How Sen. Mike Lee Could Improve His Pitch for Freedom

The fiscally conservative Republican, a sometimes friend to civil libertarians, would be more persuasive with less muddled rhetoric

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It's time to talk freedom with Sen. Mike Lee. The Utah Republican is author of a new book, The Freedom Agenda: Why a Balanced Budget Amendment is Necessary to Restore Constitutional Government. Interviewed Tuesday on Hugh Hewitt's radio show, he laid out his account of American history:

The Revolutionary War wasn't just about getting rid of a king. And it wasn't just about taxation without representation. A lot of it had to do with the fact that we were subject to tyranny, under the oppression of a large, distant, national government. I think a generation came away from that experience with the very real understanding that tyranny lurks and presents its ugly head under the banner of large, national governments. And so that's why, when our founding fathers put the Constitution together, they went out of their way to make sure that our national government would have only a few limited powers... including national defense, immigration, weights and measures, regulating trade between the states, declaring war, and just a few basic other powers.

And if you look at our acquisition of debt in this country, if you look at the era in which individual liberty has been most eroded in this country, it has occurred over the last 70 years, since the New Deal era really went into full swing, when our federal government started ignoring those Constitutional boundaries about what Congress is supposed to be doing.

This won't due. America's indebtedness and deficit spending alarm me. I wish that the federal government would intrude less into American life, the commerce clause ought to be reined in, and I am all for adherence to the constitution. But an effective advocate for liberty must do better than a dubious narrative that has the Founders rebelling against something that resembled the New Deal and freedom peaking in the years just before Franklin Delano Roosevelt brought its alphabet soup of programs into American government.

A persuasive account of freedom must acknowledge that America is a much freer place in 2011 than it was in 1930. Freer for women. Freer for ethnic and religious minorities. Freer for gays and lesbians. Freer for the handicapped. Freer for having an all volunteer military, the ability to legally purchase alcohol, access to contraception, literature that is never banned by censors, and technology that has facilitated freedom of association. Tell the average American people were freer back then.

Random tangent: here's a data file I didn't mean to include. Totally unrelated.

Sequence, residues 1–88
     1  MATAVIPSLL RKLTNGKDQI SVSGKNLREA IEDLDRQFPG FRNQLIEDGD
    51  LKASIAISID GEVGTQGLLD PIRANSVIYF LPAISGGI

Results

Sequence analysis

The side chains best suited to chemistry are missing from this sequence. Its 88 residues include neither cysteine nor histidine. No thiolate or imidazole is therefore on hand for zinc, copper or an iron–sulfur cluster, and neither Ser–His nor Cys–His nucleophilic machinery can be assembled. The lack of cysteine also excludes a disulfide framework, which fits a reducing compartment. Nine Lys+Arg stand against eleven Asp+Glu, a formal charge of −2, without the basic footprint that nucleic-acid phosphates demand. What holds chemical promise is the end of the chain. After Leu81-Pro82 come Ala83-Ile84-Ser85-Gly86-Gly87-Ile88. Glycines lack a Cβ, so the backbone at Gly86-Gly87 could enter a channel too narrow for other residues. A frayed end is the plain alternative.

She won't believe you. 

A persuasive account of freedom must also refrain from conflating it with adherence to the U.S. Constitution. It is prudent to adhere to that document. Doing so is an important bulwark against lost liberty, and a legal requirement.

But it's possible for freedom to be expanded through unconstitutional or unlawful behavior, shortsighted as it is to do so, and constitutional behavior can reduce freedom. Were Congress to declare war on North Korea, re-institute a draft, and send every male between the ages of 18 and 45 to go fight the country, jailing all who refused, it would be legal, and wouldn't violate anyone's constitutional rights. But it wouldn't be freedom maximizing for the men involved.

Actually making the case that freedom should be expanded, that economic freedom is important, and that certain aspects of the federal government unduly reduce our freedom is much harder than invoking the Founders and the Constitution. If it were that easy, the people doing so would've triumphed long ago -- it isn't as if there's any shortage of their rhetoric. And if you soberly looked at the eras when individual liberty was most eroded, you'd come up with the Alien and Sedition Acts, slavery, the Civil War, Jim Crow, the Trail of Tears,  the Espionage Act, and the Japanese internment, just for starters, before you got to FDR's New Deal programs.

In that telling, it sure seems as if war is the biggest threat to American freedom. And to Sen. Lee's credit, he's been an opponent of extending the Patriot Act. As I said, I favor cutting federal spending, reducing the federal role in national life, and coming closer to balanced budgets. But Sen. Lee's account of freedom is too clumsily and narrowly drawn for my taste, and incapable of explaining the fact that we're more prosperous and free than the Americans of seven and eight decades ago, even though our federal government is many times bigger. Lee is a former clerk to Judge Alito, friendlier than a lot of senators to civil libertarian concerns, and well-versed in history. So even in his talk radio pitches, I insist that he can and should do better.

Image credit: Reuters

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Conor Friedersdorf is a staff writer at The Atlantic, where he focuses on politics and national affairs. He lives in Venice, California, and is the founding editor of The Best of Journalism, a newsletter devoted to exceptional nonfiction.

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